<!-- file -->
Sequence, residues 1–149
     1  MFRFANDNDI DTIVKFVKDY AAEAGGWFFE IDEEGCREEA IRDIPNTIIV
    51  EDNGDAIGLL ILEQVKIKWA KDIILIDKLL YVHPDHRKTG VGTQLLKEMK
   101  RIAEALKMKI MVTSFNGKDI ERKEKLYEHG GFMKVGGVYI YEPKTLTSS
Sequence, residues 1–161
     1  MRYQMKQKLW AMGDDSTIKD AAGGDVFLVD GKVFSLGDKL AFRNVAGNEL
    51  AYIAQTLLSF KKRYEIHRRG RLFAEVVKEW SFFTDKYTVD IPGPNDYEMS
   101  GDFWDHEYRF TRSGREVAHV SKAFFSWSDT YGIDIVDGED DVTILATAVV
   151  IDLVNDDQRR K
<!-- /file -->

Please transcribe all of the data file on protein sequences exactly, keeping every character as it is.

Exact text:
Sequence, residues 1–149
     1  MFRFANDNDI DTIVKFVKDY AAEAGGWFFE IDEEGCREEA IRDIPNTIIV
    51  EDNGDAIGLL ILEQVKIKWA KDIILIDKLL YVHPDHRKTG VGTQLLKEMK
   101  RIAEALKMKI MVTSFNGKDI ERKEKLYEHG GFMKVGGVYI YEPKTLTSS
Sequence, residues 1–161
     1  MRYQMKQKLW AMGDDSTIKD AAGGDVFLVD GKVFSLGDKL AFRNVAGNEL
    51  AYIAQTLLSF KKRYEIHRRG RLFAEVVKEW SFFTDKYTVD IPGPNDYEMS
   101  GDFWDHEYRF TRSGREVAHV SKAFFSWSDT YGIDIVDGED DVTILATAVV
   151  IDLVNDDQRR K